The hero and the human

Trisha Gupta | Updated on January 20, 2018 Published on May 06, 2016

Stills from Nayak, whose story and screenplay were written by Satyajit Ray himself, with Uttam Kumar and Sharmila Tagore in the lead roles


A Satyajit Ray classic that turned 50 this week, Nayak seems to come from a universe that is unrecognisably distant from the one which creates films like Fan

Satyajit Ray’s film Nayak ( The Hero) turned 50 yesterday. Released on May 6, 1966, it was an unusual one for Ray in several respects. For one thing, it was only his second original film script (although he had been directing for over a decade by then). For another, it featured the contemporary Bengali matinee idol Uttam Kumar, whom Ray had never worked with before, and who represented the sort of cinema of which Ray quite clearly saw himself as the antithesis.

But of course it made perfect sense — pragmatic as well as cinematic — to cast a superstar in the role of a superstar. Nayak centres on 24 hours in the life of Arindam Mukherjee, a hugely popular film star who is — somewhat grudgingly — on his way from Calcutta to Delhi to collect a National Award. What is remarkable — and risks making the film unbelievable today — is that Arindam makes this journey by train, and entirely without an entourage.

That this premise was a trifle contrived even in 1966 is made clear by the film’s initial scenes, when the star’s agent-cum-secretary points out that he’s left it too late to get a seat on the plane, or a reserved private coupé on the train. But putting the dapper, jaded Arindam on a long train ride allows Ray the perfect situation in which to combine his three stated objectives: scrutinising the life of a film star, looking into the behaviour of fans, and making a film about a train journey.

Right from the start though, it is clear that we are in a universe almost unrecognisably distant from the one which creates a film like Fan. Arindam’s arrival on the train causes a flutter of excitement, but he is not mobbed. He shares a compartment with a family, sits in the dining car by himself, ruffles a little girl’s hair. The India of 1966 contains neither swarming paparazzi nor phone-flourishing selfie-seekers. The train’s upper-middle-class clientele does contain some Arindam fans — though Ray, with seemingly irrepressible snideness, makes clear that this is a part that can only be played by children or somewhat foolish women. These may make the occasional autograph request, but on the whole the star is left to conduct his business — under their curious gazes.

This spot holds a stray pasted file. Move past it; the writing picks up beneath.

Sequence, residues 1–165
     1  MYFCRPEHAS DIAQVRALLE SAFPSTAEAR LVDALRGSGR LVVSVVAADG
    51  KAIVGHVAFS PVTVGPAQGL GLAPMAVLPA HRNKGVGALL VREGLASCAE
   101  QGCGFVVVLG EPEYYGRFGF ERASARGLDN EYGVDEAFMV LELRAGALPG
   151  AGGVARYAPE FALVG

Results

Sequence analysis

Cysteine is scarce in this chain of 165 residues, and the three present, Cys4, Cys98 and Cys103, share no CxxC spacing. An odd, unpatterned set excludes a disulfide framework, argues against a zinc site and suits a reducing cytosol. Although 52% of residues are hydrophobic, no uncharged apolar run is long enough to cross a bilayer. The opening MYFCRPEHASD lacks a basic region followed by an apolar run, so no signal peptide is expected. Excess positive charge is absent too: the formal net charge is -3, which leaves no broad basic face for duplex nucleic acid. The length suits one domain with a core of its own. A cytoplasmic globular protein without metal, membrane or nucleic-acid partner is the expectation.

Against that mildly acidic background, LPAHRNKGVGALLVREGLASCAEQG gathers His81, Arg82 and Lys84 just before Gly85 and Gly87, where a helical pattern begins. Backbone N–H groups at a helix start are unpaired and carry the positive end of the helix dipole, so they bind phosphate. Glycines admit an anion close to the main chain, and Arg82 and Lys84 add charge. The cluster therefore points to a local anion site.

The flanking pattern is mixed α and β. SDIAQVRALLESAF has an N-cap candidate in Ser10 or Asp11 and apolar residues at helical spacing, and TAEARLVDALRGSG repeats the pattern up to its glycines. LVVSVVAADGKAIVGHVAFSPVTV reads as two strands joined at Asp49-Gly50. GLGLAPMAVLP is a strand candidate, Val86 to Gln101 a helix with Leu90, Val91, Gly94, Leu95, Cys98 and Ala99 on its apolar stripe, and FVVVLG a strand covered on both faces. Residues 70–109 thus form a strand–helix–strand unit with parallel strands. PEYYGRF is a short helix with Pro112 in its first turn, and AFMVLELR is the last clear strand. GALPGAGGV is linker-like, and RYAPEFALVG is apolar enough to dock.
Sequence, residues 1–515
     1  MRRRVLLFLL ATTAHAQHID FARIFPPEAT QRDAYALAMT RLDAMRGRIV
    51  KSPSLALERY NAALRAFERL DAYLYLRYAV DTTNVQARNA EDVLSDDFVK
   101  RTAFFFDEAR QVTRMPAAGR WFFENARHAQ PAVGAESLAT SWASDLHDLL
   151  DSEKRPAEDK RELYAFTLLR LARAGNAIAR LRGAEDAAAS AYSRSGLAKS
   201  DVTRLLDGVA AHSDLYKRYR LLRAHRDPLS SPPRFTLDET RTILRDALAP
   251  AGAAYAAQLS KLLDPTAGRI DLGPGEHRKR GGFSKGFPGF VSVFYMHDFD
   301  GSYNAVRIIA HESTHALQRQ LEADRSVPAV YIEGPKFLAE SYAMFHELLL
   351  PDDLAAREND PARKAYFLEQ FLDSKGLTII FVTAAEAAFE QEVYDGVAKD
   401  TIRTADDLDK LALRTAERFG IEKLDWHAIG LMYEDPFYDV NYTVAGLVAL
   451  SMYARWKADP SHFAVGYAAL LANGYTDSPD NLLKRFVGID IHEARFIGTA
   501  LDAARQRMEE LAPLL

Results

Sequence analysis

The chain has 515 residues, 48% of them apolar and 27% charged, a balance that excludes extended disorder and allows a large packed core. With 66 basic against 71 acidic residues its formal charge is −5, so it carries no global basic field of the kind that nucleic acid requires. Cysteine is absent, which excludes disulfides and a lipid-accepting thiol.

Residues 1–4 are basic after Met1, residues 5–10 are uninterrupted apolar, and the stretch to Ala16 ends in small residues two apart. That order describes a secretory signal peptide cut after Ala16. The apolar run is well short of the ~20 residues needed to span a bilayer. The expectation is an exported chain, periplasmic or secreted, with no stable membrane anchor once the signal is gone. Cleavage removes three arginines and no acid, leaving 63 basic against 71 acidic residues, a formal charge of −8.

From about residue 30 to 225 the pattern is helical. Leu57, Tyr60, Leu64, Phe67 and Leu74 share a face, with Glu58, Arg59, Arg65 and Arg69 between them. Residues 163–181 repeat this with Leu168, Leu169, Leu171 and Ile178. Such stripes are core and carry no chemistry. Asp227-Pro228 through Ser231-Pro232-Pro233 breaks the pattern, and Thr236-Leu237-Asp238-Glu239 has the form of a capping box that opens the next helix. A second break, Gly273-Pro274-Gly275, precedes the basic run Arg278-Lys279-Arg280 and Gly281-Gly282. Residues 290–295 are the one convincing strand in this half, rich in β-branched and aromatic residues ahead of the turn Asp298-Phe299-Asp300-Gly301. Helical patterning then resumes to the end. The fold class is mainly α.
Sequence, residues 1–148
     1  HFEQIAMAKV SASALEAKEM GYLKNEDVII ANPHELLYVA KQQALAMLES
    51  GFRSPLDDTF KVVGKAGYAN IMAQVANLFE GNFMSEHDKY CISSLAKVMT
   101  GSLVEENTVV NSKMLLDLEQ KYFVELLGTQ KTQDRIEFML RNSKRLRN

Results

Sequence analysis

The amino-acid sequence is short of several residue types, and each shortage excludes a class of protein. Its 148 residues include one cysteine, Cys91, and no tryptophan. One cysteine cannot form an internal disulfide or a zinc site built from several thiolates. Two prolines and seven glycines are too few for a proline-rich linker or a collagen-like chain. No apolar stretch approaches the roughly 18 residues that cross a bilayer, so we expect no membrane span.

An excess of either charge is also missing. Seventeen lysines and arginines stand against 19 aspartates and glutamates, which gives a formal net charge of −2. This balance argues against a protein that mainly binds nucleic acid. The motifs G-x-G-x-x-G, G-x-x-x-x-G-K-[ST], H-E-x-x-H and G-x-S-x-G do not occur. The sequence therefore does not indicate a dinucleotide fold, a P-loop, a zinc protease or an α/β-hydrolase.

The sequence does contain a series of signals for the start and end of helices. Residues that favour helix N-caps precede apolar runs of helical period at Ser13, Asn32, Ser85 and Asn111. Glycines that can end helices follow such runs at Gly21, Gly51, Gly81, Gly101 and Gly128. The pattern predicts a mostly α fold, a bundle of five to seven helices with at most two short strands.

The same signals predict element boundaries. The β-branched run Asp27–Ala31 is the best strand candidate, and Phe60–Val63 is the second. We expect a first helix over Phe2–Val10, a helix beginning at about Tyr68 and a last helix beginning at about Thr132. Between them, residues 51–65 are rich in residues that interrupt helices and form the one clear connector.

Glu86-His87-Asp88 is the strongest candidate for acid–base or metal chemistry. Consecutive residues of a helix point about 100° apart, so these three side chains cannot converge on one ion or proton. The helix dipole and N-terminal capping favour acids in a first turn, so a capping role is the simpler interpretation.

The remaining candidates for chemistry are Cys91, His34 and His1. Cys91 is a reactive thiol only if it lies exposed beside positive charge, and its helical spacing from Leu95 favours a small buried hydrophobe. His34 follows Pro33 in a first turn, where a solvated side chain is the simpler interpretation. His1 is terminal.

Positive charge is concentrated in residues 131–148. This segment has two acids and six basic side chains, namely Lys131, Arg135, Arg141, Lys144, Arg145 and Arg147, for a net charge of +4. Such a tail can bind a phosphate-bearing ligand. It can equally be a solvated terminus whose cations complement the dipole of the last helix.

The thing about Nayak that appears truly unimaginable in 2016, however, is the number of passengers who treat Arindam and his world with disdain. Their reasons for abjuring cinema combine the moral with the aesthetic. One doddering old gent, whom even the film star recognises from his name as “the one who writes letters to The Statesman”, loses no opportunity to lecture him on the immorality of actors and alcohol (especially since they go together). Another successful boxwallah type turns up his nose at the sort of person he must share space with — admittedly, upon having read the news of Arindam getting into a brawl at a party. (These old men reminded me of a story about my Nana, who spent a whole plane ride in the ’60s wondering why the gentleman next to him seemed miffed when he cordially asked him what he did. It was Rajendra Kumar.)

Even without the moral censure, there is a pervasive sense in Nayak that films — at least popular Indian films — are not art, not serious or, at any rate, not worthy pursuits for the intelligent person. And the film star, despite his fame and riches, recognises his suspect status when asked for an interview by the non-gushing Miss Sengupta (Sharmila Tagore, her seriousness signalled by her spectacles), he is quick to assume that she doesn’t enjoy Bengali films. And she is quick to retort: “ Bastabikatar ektu abhaab (A slight lack of reality).”

It isn’t just realism, however, that can cure film actors of what ails them. In one of Nayak’s rather heavy-handed flashbacks, a youthful Arindam grapples with his mentor Shankar da’s resistance to the very idea of film acting. The theatre, says Shankar da, is where an actor has a real audience; in a film, he is but a puppet in the hands of the director. This notion of the film star as a puppet appeared just a few years later in another film made by a Bengali — Hrishikesh Mukherjee’s Guddi (1970). There, it was Dharmendra who played himself, and Utpal Dutt (as the film-struck Jaya Bhaduri’s psychologist uncle) who offered a long exposition of how little the ‘hero’ actually participated in the heroics on screen.

The humanising of the hero — which is also part of the point of Guddi — is, in Nayak, both more intimate and more brutal. It plays out, at one level, as the classic romance narrative: the emotionally repressed hero suddenly finding a girl he can speak to freely. And superimposing that narrative onto a star-journalist interaction is an astute form of cinematic wish-fulfilment. Tagore’s character first buttonholes Arindam both out of curiosity and for professional gain. She runs a women’s magazine called Adhunika, which ordinarily doesn’t feature cinema, but an interview with Arindam, she knows, would be a big hit. But the more clearly she sees Arindam’s feet of clay, the less she is inclined to expose him.

Watching Nayak today, the film seems a little let down by its most dramatic bits — Arindam’s dreams (or rather nightmares) are too literal and too stagey at the same time, and his recounting of errors seems harsher than necessary. But it remains a striking portrait. Not so much of the star or the fan, but of that hazy figure we may have lost to history: the Non-Fan.

Trisha Gupta is a writer and critic based in Delhi


Published on May 06, 2016
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